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Social Network Marketing #2: Preliminary thoughts about Twitter.

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Blog entry by pashley posted 1642 days ago 725 reads 0 times favorited 2 comments Add to Favorites Watch
« Part 1: The world is all atwitter about Twitter Part 2 of Social Network Marketing series Part 3: How viral marketing is like viral infections! »

Man, there is a LOT of wasted messages in TwitterLand.

People can posted the dumbest stuff – “Just got a cup of coffee!”, “Can’t believe it’s Monday!” and so on. WHO CARES?!

Then you have the sharks – “I make $2,600 a day on Google adsense – find out how!” – the get-rich-quick guys.

And it seems some people just follow ANYONE in the hopes that those people will follow them back, building their following number.

What I did learn is that you can use target words in your post that people searching on that topic will find. For example, “Come see my great mantle clocks – they make awesome gifts! #wood #handmade #wedding” Not only will your followers see your message, but anyone that searches Twitter on those search terms will find your tweet. Ok, that’s a good thing.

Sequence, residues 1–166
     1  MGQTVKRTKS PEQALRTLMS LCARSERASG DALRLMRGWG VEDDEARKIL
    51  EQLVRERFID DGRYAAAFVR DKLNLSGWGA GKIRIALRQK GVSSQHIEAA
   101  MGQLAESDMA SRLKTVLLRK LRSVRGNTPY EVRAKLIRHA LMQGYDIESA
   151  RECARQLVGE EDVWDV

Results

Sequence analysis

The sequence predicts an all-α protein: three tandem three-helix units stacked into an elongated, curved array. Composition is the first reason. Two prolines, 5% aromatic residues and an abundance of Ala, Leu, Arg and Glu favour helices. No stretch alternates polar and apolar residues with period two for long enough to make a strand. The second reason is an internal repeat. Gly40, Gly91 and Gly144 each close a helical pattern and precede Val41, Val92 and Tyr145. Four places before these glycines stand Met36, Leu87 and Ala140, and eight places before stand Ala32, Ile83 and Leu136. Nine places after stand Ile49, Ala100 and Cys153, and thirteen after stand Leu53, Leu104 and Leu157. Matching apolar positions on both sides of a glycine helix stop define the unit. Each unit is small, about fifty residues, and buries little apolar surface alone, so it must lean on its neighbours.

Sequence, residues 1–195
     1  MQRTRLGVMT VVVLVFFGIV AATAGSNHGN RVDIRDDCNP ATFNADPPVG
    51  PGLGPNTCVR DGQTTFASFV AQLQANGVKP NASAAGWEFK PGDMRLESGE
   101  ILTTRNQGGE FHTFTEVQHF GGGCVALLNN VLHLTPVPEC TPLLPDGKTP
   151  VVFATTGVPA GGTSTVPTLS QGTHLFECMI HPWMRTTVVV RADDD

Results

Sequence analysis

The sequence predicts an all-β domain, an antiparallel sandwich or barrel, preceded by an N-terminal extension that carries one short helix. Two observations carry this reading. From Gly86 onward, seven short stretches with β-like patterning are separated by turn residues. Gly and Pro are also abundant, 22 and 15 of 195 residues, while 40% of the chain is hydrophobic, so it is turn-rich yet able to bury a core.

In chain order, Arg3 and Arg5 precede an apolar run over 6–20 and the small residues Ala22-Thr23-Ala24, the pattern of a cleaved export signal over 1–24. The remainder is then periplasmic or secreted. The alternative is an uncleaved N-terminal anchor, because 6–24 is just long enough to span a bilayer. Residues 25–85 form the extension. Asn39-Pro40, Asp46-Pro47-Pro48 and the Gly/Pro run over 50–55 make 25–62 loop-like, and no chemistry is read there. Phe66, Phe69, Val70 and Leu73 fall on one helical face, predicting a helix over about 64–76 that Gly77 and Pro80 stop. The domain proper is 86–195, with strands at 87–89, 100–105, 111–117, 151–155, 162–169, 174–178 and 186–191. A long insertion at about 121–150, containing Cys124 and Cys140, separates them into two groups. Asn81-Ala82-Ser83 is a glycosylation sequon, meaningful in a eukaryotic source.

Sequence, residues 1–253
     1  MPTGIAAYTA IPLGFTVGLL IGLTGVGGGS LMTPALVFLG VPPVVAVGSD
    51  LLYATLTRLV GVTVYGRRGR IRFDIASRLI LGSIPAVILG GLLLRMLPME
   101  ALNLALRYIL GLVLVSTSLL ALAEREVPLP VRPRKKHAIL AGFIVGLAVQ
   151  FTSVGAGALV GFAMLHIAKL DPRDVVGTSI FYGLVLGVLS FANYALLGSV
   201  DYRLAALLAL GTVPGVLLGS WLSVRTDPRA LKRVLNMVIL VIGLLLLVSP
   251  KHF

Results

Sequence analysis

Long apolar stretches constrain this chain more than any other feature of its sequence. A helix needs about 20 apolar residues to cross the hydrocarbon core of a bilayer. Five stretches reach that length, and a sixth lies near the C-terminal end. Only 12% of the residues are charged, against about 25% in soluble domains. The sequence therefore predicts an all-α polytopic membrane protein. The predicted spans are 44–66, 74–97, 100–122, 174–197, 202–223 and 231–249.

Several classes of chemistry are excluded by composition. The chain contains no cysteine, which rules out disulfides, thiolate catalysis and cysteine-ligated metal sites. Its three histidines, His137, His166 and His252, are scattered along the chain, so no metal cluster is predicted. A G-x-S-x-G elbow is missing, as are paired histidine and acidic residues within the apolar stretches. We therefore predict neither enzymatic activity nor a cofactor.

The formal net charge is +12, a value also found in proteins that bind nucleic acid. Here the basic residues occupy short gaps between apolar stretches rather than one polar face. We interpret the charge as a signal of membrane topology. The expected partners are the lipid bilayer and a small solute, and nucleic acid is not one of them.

Also found a website URL shortening service that will shorten a url so you can fit it into a Tweet. So, instead of:

http://newmissionworkshop.com/craftsman-difference

I can use:

http://bit.ly/97cH5k

Not only that, they track the number of clicks on the link – all for free.

-- Have a blessed day! http://newmissionworkshop.com



2 comments so far

View Thos. Angle's profile

Thos. Angle

4435 posts in 2597 days


#1 posted 1642 days ago

I’m listening. You’re coming up with a lot of good info.

-- Thos. Angle, Jordan Valley, Oregon

View christherookie's profile

christherookie

45 posts in 1681 days


#2 posted 1642 days ago

You could tweet “Come see my great mantle clocks – they make awesome gifts!” with tinyurl after that but that’s still advertising which people tend to avoid. You could tweet something like “I have added a new oak mantle clock to our inventory” with the tinyurl. But you should also tweet helpful / fun information such as the first mantle clock was made by Mr. Smither in London in 1492. This way, when people see your twitter profile page, they see you are posting more than advertising links.

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